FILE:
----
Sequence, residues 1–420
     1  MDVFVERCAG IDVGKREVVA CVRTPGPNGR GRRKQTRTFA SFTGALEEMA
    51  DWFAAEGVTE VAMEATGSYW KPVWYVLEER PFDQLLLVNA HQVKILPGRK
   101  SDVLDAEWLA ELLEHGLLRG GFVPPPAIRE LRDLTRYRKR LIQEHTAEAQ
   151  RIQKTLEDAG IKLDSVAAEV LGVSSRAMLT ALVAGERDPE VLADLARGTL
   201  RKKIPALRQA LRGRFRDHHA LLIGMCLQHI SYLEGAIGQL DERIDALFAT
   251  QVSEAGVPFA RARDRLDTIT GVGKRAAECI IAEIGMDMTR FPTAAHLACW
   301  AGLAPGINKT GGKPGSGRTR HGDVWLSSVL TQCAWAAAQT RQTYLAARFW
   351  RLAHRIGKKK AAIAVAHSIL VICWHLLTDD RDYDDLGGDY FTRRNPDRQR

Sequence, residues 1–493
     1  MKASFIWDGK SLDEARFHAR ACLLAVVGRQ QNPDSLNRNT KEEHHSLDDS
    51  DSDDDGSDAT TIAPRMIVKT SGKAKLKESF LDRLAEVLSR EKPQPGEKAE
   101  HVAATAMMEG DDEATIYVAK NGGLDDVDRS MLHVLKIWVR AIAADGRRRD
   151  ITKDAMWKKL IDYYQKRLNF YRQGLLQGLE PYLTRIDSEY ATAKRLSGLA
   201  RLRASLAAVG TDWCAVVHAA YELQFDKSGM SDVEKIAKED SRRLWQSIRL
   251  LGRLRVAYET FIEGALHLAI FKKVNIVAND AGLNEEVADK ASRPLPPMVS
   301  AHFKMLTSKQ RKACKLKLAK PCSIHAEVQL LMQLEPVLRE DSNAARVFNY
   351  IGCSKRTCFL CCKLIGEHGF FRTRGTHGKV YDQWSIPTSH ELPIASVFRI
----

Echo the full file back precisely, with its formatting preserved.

Sequence, residues 1–420
     1  MDVFVERCAG IDVGKREVVA CVRTPGPNGR GRRKQTRTFA SFTGALEEMA
    51  DWFAAEGVTE VAMEATGSYW KPVWYVLEER PFDQLLLVNA HQVKILPGRK
   101  SDVLDAEWLA ELLEHGLLRG GFVPPPAIRE LRDLTRYRKR LIQEHTAEAQ
   151  RIQKTLEDAG IKLDSVAAEV LGVSSRAMLT ALVAGERDPE VLADLARGTL
   201  RKKIPALRQA LRGRFRDHHA LLIGMCLQHI SYLEGAIGQL DERIDALFAT
   251  QVSEAGVPFA RARDRLDTIT GVGKRAAECI IAEIGMDMTR FPTAAHLACW
   301  AGLAPGINKT GGKPGSGRTR HGDVWLSSVL TQCAWAAAQT RQTYLAARFW
   351  RLAHRIGKKK AAIAVAHSIL VICWHLLTDD RDYDDLGGDY FTRRNPDRQR

Sequence, residues 1–493
     1  MKASFIWDGK SLDEARFHAR ACLLAVVGRQ QNPDSLNRNT KEEHHSLDDS
    51  DSDDDGSDAT TIAPRMIVKT SGKAKLKESF LDRLAEVLSR EKPQPGEKAE
   101  HVAATAMMEG DDEATIYVAK NGGLDDVDRS MLHVLKIWVR AIAADGRRRD
   151  ITKDAMWKKL IDYYQKRLNF YRQGLLQGLE PYLTRIDSEY ATAKRLSGLA
   201  RLRASLAAVG TDWCAVVHAA YELQFDKSGM SDVEKIAKED SRRLWQSIRL
   251  LGRLRVAYET FIEGALHLAI FKKVNIVAND AGLNEEVADK ASRPLPPMVS
   301  AHFKMLTSKQ RKACKLKLAK PCSIHAEVQL LMQLEPVLRE DSNAARVFNY
   351  IGCSKRTCFL CCKLIGEHGF FRTRGTHGKV YDQWSIPTSH ELPIASVFRI